In 1970, Jim and Lois lived separately for three months. In late 1979, about the time The Rockford Files stopped filming, they separated again, dividing time between living in Canada and "a rented house near the Valley." They resumed living together in September of 1981 According to Jim, the separations occurred not because of marital difficulties but because he needed some time alone to deal with the stress of acting. In 2002, he told television host Charlie Rose, that marriage is like the army. "Everyone complains," he said, "but you'd be surprised at the large number of people who re-enlist."'
|James Garner and family in 1961|
Jim and Lois remained married until Jim's death. James Garner died on July 19, 2014 a month shy of their 58th wedding anniversary. Police and rescue personnel were called to his Brentwood, California home. They found him dead of a heart attack at the age of 86. During the course of his more than 50-year career, Jim racked up more than 80 film and TV movie credits.
|James Garner in later years|
* James Garner's wife, Lois, born July 6, 1923 and she passed away at her home on October 21, 2021. She was 98 years old at the time of her death. The daughter of Samuel Hillis Fleischman and Sarah Doltz. Lois was raised in Los Angeles and she was an avid art collector.
* Jim's brother, Jack Bumgarner, died in 2011. His other brother, Charlie, passed away in 1985.
* Jim's Maverick co-star, Jack Kelly, appeared with Jim in two 1977 episodes of The Rockford Files: "The Becker Connection" (Season 3, Episode 16, Air Date: February 11, 1977) and "Beamer's Last Case" (Season 4, Episode 1, Air Date: September 16, 1977).. Jack died on November 7, 1992 in Huntington Beach, California. He was 65 years old at the time of his death.
* Jim became fascinated with car racing after appearing with Eva Marie Saint in the 1996 film Grand Prix
* James Garner and Mariette Hartley appeared in a string of TV commercials for Polaroid cameras from the late 1970s into the 1980s. The ads were hugely successful, mostly due to the chemistry between Jim and the droll Mariette Hartley. Their banter was snappy and snarky and the two worked so well together that many viewers mistakenly assumed that Mariette Harley was Jim's real wife.
Below is a photo of Jim and Mariette Hartley in Polaroid commercial.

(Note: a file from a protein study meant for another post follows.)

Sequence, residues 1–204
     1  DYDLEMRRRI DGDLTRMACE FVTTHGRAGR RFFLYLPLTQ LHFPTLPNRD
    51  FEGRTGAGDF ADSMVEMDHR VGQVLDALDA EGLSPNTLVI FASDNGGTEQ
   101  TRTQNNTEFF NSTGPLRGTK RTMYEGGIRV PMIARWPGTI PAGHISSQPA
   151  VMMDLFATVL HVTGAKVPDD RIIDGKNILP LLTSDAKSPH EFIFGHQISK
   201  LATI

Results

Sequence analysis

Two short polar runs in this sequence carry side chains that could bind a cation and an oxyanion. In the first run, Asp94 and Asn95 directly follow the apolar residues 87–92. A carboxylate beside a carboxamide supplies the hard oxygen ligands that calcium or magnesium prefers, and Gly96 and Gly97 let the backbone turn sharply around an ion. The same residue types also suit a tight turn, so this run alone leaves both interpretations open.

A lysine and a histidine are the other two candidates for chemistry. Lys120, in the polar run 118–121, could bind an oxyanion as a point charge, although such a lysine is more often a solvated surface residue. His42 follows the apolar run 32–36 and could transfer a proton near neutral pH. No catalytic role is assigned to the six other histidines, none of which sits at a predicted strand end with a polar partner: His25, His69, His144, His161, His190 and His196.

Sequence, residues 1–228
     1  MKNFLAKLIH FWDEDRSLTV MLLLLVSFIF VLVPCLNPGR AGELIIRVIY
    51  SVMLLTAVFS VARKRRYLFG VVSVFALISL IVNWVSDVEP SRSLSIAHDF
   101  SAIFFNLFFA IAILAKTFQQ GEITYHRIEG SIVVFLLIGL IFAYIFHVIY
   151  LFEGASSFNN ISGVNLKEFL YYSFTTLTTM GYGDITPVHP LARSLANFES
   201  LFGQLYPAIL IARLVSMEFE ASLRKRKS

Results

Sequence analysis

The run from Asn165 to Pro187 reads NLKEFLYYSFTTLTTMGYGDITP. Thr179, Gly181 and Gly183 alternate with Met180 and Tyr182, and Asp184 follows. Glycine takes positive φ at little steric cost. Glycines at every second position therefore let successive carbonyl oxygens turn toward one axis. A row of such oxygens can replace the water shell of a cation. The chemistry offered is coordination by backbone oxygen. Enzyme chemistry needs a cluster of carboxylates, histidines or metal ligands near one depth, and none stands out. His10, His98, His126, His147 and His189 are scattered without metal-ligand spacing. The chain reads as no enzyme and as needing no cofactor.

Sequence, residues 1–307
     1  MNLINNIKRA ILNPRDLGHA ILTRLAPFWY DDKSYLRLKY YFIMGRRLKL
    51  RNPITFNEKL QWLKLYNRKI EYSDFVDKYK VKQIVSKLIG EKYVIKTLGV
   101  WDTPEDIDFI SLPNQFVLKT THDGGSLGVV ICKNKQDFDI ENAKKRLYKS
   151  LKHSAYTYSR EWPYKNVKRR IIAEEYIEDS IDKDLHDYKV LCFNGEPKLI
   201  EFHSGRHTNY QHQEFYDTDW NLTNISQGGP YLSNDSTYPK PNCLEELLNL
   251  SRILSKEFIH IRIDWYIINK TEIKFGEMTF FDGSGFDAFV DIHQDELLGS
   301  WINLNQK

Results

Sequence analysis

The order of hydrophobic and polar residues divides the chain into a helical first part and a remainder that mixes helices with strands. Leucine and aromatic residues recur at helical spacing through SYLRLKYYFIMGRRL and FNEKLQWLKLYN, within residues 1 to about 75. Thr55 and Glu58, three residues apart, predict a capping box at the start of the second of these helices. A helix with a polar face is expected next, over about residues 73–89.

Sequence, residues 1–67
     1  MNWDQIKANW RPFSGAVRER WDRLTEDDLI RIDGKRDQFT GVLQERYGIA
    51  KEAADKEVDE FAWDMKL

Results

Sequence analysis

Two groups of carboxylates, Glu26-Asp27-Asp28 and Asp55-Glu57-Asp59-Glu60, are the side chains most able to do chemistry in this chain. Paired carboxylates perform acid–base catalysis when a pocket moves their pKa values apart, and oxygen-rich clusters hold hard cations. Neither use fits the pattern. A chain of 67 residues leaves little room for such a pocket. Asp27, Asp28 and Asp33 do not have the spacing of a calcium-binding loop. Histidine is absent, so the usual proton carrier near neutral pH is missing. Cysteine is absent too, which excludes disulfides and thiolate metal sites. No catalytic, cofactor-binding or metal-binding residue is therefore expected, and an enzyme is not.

* Jim earned an Academy Award nomination in the Best Leading Actor category for his performance as a widowed pharmacist in the film Murphy's Romance (1985), co-starring Sally Field.
* In February of 2005, James Garner received the Screen Actors Guild's Lifetime Achievement Award. Jim was nominated for 15 Emmy Awards during his television career. In 1977, he won the Emmy for Outstanding Lead Actor in a a Drama Series for The Rockford Files. In 1987, he received another Emmy as executive producer of Promise, a 1986 made-for-television drama, in which he starred as Bob Beuhler, a man who returns to his hometown after his mother's death and has to take responsibility for the care of his mentally ill younger brother, D.J., played by James Woods.
* After the death of actor James Coburn in 2002, Garner took Coburn's place as TV commercial voiceover for Chevrolet's "Like a Rock" advertising campaign.
* In the 2004 film The Notebook, Jim portrayed the older version of the Ryan Gosling character. The Screen Actors Guild nominated him as best actor for best actor for Outstanding Performance by a Male Actor in a Supporting Role.
* In 2011, Simon & Shuster published James Garner's autobiography, The Garner Files: A Memoir. The memoir was co-written with nonfiction author Jon Winokur. It includes a heartfelt introduction by Julie Andrews. Jim and Julie became friends while working on two feature films together: The Americanization of Emily (1964) and Victor/Victoria (1982), They also co-starred in One Special Night, a 1999 television movie in which they played two lonely people stranded overnight in a blizzard at Christmastime.
SOURCES: Los Angeles Times, "James Garner dies at 86, TV anti-hero of 'Maverick,' 'Rockford Files,'" Dennis McLellan, July 20, 2014; Yahoo TV, "How a Random Moment on La Cienga Launched James Garner's Acting Career," by Elizabeth Durand Streisand,, July 21, 2014; Country Living, "James Garner and Lois Clarke Dated for 14 Days Before Getting Married," by Maria Carter, August 18, 2017; Los Angeles Times, Obituary: Lois Josephine Garner, November 6, 2021; Wikipedia; Internet Movie Database (IMDb)